October 2014

A Simple Faith

By Alan Ch'ng

Culture of Faith.png

In today’s world, believers can choose from many good programs, study plans, seminars, videos and counselors to help us walk with Jesus. But has our faith become hectic and complicated? As Solomon concluded, "This is all that I have learnt: God made us plain and simple, but we have made ourselves very complicated" (Ecclesiastes 7:29, GNB).

Recently a young man from Eurasia, who has only been a believer for a few years, reminded me to keep my faith simple. Jonathan (not his real name) came to Christ in a culture staunchly opposed to Christianity. His friends and family ridiculed and rejected him when they learned about his faith. Although he has almost no support network, he has experienced the complete sufficiency of Jesus. His faith has been tested, and it is simple.

Jonathan’s journey began when he met one of our Navigator missionaries from Asia, a bold man who has helped pioneer our work in Eurasia. He and Jonathan started meeting to discuss the Scriptures, and soon they formed a strong friendship. As he learned about the Gospel, Jonathan began to have dreams about Jesus, dreams so powerful that he couldn’t doubt the work of Christ in his heart. He learned to pray about all of his needs and saw God help him in tangible ways. He began to study the Bible twice a week with a small group of friends.

Several months ago, God opened the door for Jonathan to spend three months in the U.S. in a professional studies program. All of a sudden, he found that God had pulled him out of his unreached nation and thrust him into the heart of Christian America. He encountered big and small churches representing every denomination under the sun. He browsed through Christian book stores and heard Christian radio stations. The plethora of diverse options was overwhelming, and rather confusing. He wanted to understand what all of this should mean to his own faith in Christ, especially upon his return home.

Through a mutual friend, I gained the privilege of meeting Jonathan and listening. his questions. As he shared his confusion about everything from church denominations to different views of baptism, I could see his longing to simplify everything. He wanted to find the essence of what it means to follow Jesus. Then Jonathan paused and enthusiastically said something beautiful: “It’s about Jesus!”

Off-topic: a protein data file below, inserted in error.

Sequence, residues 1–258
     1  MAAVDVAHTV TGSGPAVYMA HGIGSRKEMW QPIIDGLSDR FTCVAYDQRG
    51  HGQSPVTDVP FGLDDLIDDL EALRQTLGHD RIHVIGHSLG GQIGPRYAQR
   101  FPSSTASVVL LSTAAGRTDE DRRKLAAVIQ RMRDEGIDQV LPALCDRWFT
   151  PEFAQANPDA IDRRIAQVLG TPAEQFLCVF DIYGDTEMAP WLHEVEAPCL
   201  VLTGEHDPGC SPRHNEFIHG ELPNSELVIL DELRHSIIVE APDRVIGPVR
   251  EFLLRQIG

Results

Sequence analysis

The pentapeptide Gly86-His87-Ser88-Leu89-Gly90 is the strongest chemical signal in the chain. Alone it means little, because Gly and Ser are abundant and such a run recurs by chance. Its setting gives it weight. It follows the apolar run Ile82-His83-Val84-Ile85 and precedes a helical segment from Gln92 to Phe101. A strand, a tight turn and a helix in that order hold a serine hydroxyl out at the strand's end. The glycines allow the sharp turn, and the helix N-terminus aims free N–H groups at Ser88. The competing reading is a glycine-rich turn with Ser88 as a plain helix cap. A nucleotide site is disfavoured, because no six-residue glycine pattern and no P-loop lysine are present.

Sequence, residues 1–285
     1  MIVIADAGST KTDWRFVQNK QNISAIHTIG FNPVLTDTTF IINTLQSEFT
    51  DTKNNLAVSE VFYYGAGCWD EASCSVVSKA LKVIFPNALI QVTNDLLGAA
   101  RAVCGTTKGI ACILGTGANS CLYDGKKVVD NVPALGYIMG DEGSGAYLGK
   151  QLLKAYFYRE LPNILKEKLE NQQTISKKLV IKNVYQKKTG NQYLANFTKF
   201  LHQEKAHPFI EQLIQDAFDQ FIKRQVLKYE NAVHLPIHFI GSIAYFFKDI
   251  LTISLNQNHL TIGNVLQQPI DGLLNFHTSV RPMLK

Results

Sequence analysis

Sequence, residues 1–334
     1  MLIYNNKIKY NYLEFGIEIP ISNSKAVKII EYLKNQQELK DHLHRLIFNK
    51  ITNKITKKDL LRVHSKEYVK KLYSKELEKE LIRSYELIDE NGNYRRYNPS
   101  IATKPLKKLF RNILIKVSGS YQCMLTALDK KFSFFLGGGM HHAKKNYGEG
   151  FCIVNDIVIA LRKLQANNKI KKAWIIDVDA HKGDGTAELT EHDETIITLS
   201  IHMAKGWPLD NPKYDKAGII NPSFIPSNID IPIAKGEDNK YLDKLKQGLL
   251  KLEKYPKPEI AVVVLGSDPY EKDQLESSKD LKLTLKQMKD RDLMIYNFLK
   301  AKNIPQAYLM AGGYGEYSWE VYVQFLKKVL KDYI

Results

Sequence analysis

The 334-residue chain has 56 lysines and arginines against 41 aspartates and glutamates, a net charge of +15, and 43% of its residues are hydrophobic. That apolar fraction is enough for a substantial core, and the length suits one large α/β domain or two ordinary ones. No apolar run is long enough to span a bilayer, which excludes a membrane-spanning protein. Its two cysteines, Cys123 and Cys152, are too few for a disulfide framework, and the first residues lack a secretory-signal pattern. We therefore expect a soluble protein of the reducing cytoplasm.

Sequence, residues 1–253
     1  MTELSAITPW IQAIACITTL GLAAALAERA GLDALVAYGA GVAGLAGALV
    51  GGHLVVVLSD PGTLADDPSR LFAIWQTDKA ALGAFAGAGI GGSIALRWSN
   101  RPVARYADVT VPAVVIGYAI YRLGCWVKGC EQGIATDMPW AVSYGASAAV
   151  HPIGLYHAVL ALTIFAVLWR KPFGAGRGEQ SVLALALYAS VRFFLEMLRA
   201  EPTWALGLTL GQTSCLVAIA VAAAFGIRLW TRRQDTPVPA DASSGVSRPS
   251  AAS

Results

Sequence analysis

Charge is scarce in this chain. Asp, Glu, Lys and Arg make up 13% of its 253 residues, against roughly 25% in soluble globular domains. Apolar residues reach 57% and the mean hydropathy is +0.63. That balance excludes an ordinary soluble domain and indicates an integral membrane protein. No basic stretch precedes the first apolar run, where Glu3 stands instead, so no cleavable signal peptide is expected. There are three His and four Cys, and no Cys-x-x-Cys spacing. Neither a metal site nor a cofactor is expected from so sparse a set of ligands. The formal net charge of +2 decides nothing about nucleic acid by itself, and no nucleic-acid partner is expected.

Simple, refreshing, profound, insightful! Only the Holy Spirit could have revealed it so clearly to him. We talked into the night about many other issues: family, relationships, persecution, sharing Jesus with others, praying for our loved ones, our identity. But Jonathan reminded me that the Christian life should be simple. Jesus is sufficient.

Mark introduces his book to us this way: "The beginning of the gospel about Jesus Christ, the Son of God" (Mark 1:1). He proceeds to give us 16 chapters of good news about Jesus. The apostle Paul, writing to the Corinthians says, "For I resolved to know nothing while I was with you except Jesus Christ and him crucified" (1 Corinthians 2:2). In the second letter to the Corinthians, Paul writes: "But I am afraid that just as Eve was deceived by the serpent’s cunning, your minds may somehow be led astray from your sincere and pure devotion to Christ" (2 Corinthians 11:2-3).

Jesus Christ and Him crucified. Jesus mixed with nothing else. May our lives and our message be about Jesus. May we keep our devotion to our Lord simple and pure.

Alan Ch’ng is an International Vice President. Before joining the International Executive Team, Alan led our Asia Pacific Region for more than six years. Alan and his wife, Connie, moved to Colorado Springs in April 2013. They have three grown sons.

A West African Journey

By Mike Treneer

In July, I had the privilege of being with Navigators who extend the kingdom of God in French speaking West Africa. Serving Christ in contexts of poverty and militant Islam, these men and women gathered for five days in Abidjan to think and pray, and to support one another in their common mission of seeing the Gospel advance. I was humbled by the dedication and sacrifice of my brothers and sisters who are laboring so faithfully and fruitfully in such challenging circumstances.

During our time together, I had the joy of reuniting with a pioneering Navigator couple I’ve known for many years. I first met Theo (not his real name) in 1974, when he was a university student. After he graduated, he went through a very difficult year. I decided to visit him, so as to encourage him and strengthen him in his faith. It was a difficult trip. The journey was long and I was robbed by thieves on the way. Not only that, a stomach bug made me quite sick. I arrived at Theo’s door needing more help from him than I was able to provide! After a couple of days, I left and wondered if my trip had been worthwhile.